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Should the BBC be doing this?

(125 Posts)
maryeliza54 Thu 12-Apr-18 23:17:28

Is it right to broadcast the whole of the Rivers of Blood Speech?

paddyann Thu 12-Apr-18 23:36:07

all part of the governments divisive policy....then the brain dead will blame the immigrants for all their problems instead of the government who cause more issues daily

Primrose65 Thu 12-Apr-18 23:41:53

They did broadcast a documentary about it 10 years ago on the 40th anniversary, so I don't think it's a new concept as such. I think the full speech is already in the public domain too. Will anyone bother to watch it?

maryeliza54 Thu 12-Apr-18 23:42:35

I’m listening to a phone in on this- lots of people saying it’s a great idea because Powell was right. I wonder if it would happen with a speech that was anti-Semitic?

maryeliza54 Thu 12-Apr-18 23:48:38

I think it’s on the radio. So yes the audience will probably be small but it’s already causing a stir - not in a good way. I don’t know what I think - as an academic exercise putting the speech in its historical context and discussing it is one thing but the publicity around it is perhaps a problem.

MawBroon Fri 13-Apr-18 00:10:37

I think it is useful to hear all of what Enoch Powell said and not just the sound bite.
This speech is often referred to as the “rivers of blood” speech, for example, not a phrase he actually used.

Bridgeit Fri 13-Apr-18 00:14:22

Depends if it is definitely going to be critiqued and debated as has been said, if this is correct then it would be acceptable in terms of learning &understanding.

maryeliza54 Fri 13-Apr-18 00:22:50

My concern is that it won’t be used like that - Most people who will cheer it on won’t listen to the programme and any contextualisation and critiquing that takes place. I remember it very well and the horror in our house so I’m biased I suppose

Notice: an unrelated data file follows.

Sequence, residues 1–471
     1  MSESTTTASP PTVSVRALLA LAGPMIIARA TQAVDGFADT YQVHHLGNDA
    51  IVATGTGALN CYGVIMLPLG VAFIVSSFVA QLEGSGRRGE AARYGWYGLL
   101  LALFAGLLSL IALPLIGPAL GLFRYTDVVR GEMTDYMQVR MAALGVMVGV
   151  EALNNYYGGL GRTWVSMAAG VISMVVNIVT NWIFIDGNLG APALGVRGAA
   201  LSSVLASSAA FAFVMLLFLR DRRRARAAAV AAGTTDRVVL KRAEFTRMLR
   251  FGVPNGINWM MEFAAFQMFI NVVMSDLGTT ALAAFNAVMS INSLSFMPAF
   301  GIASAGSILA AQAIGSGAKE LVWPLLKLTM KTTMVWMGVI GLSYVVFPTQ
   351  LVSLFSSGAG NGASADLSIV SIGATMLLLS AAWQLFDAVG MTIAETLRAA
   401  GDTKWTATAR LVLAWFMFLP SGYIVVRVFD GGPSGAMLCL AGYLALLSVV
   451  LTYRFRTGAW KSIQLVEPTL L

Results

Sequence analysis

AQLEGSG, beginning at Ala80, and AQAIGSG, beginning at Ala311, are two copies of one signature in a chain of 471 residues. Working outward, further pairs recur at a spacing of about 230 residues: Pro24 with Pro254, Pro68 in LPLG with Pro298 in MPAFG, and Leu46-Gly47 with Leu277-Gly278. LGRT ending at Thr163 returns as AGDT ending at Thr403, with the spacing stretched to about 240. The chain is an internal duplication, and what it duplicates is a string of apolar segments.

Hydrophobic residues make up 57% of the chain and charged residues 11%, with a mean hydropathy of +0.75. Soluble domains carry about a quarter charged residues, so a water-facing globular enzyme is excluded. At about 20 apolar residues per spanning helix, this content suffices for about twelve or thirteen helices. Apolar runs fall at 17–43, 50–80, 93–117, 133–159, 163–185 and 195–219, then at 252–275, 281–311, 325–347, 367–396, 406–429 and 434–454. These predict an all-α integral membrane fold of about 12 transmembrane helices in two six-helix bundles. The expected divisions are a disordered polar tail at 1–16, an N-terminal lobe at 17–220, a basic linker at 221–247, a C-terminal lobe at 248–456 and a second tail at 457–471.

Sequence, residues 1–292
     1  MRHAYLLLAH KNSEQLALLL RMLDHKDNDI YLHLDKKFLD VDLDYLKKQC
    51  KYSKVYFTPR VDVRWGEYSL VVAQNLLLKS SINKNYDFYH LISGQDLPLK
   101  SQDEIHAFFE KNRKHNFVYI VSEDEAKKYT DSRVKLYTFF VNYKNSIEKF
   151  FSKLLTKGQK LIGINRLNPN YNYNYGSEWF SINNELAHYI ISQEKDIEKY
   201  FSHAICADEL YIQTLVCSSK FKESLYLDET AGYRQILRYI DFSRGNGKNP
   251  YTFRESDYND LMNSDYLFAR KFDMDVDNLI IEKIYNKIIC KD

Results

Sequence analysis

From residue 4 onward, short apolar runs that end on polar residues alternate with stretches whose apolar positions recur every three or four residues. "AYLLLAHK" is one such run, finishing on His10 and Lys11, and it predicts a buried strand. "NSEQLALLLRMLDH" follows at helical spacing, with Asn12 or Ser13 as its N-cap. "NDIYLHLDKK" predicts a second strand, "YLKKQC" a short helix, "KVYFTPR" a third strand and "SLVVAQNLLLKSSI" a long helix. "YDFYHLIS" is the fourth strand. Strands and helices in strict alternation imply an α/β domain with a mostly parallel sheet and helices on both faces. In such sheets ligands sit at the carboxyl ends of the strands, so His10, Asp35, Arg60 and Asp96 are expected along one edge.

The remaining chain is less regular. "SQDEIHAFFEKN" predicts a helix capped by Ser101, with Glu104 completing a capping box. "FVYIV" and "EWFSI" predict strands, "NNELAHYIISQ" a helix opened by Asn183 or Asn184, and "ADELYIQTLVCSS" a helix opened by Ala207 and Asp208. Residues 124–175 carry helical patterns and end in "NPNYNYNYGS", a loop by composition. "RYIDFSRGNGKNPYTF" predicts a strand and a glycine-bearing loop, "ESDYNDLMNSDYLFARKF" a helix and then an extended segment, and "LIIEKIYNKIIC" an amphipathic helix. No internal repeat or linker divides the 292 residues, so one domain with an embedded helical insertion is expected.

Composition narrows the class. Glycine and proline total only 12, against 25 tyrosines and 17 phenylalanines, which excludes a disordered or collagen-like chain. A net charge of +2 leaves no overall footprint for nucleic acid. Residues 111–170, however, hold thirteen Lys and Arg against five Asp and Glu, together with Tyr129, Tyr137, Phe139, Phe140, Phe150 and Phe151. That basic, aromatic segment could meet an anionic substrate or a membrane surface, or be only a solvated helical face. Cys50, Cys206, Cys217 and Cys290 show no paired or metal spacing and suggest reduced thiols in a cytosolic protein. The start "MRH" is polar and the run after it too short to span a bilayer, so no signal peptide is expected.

Anniebach Fri 13-Apr-18 09:05:05

The brain dead ? That is so offensive.

Grannybags Fri 13-Apr-18 09:23:27

I wonder why they are using the voice of an actor and not showing Enoch Powell himself?

MawBroon Fri 13-Apr-18 09:30:00

The whole speech was not recorded, only extracts and Powell has of course been dead for 20 years.

Grannybags Fri 13-Apr-18 09:36:18

Ah thanks MawBroon I didn't realise only some of the speech was recorded

jura2 Fri 13-Apr-18 09:40:30


sunseeker Fri 13-Apr-18 09:53:23

Whilst I disagree with the sentiments Powell expressed I am uncomfortable with banning any discussion about his speech. Surely discussing such speeches in a calm balanced way means that the more extreme points can be dealt with. At the moment, as others have said, it is known as the "rivers of blood" speech and that portion as been used as a rallying cry for racists. Broadcasting the whole speech could put an end to that.

luluaugust Fri 13-Apr-18 09:59:09

This speech, which very few people have ever heard all of, is part of history and has been used by so many people for their own ends I think it might be a good idea to hear it all and have it discussed, E P was an academic and was quite at home quoting the classics I do wonder apart from that quote just how it will sound to modern ears. I can't remember any other bit of it than the infamous quote.

annodomini Fri 13-Apr-18 10:15:16

My reaction to this news is 'let sleeping dogs lie'. This irresponsible revival is already causing controversy and adding grist to the mill of the vocal racist minority.

Anniebach Fri 13-Apr-18 10:26:51

Not all who are troubled by immigration are racist, fear plays a part too. It is wrong to class all as brain dead or racist .

Jane10 Fri 13-Apr-18 10:31:05

Would disallowing the BBC to present this be 'no platforming'? Would this be giving in to 'snowflakes'?
Surely informed discussion would be illustrative?